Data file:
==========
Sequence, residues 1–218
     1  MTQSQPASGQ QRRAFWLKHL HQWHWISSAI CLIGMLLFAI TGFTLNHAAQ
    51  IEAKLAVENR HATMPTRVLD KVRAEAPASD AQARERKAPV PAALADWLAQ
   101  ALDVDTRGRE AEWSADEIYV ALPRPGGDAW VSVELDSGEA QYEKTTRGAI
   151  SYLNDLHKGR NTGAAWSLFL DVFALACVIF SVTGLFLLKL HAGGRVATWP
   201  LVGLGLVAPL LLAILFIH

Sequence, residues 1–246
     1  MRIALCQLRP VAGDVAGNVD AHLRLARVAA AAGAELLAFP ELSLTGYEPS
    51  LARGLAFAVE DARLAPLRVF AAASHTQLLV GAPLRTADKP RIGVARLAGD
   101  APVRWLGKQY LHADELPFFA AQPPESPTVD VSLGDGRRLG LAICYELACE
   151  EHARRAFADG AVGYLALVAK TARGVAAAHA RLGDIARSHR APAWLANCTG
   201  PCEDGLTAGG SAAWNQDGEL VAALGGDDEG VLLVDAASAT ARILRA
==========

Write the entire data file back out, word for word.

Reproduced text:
Sequence, residues 1–218
     1  MTQSQPASGQ QRRAFWLKHL HQWHWISSAI CLIGMLLFAI TGFTLNHAAQ
    51  IEAKLAVENR HATMPTRVLD KVRAEAPASD AQARERKAPV PAALADWLAQ
   101  ALDVDTRGRE AEWSADEIYV ALPRPGGDAW VSVELDSGEA QYEKTTRGAI
   151  SYLNDLHKGR NTGAAWSLFL DVFALACVIF SVTGLFLLKL HAGGRVATWP
   201  LVGLGLVAPL LLAILFIH

Sequence, residues 1–246
     1  MRIALCQLRP VAGDVAGNVD AHLRLARVAA AAGAELLAFP ELSLTGYEPS
    51  LARGLAFAVE DARLAPLRVF AAASHTQLLV GAPLRTADKP RIGVARLAGD
   101  APVRWLGKQY LHADELPFFA AQPPESPTVD VSLGDGRRLG LAICYELACE
   151  EHARRAFADG AVGYLALVAK TARGVAAAHA RLGDIARSHR APAWLANCTG
   201  PCEDGLTAGG SAAWNQDGEL VAALGGDDEG VLLVDAASAT ARILRA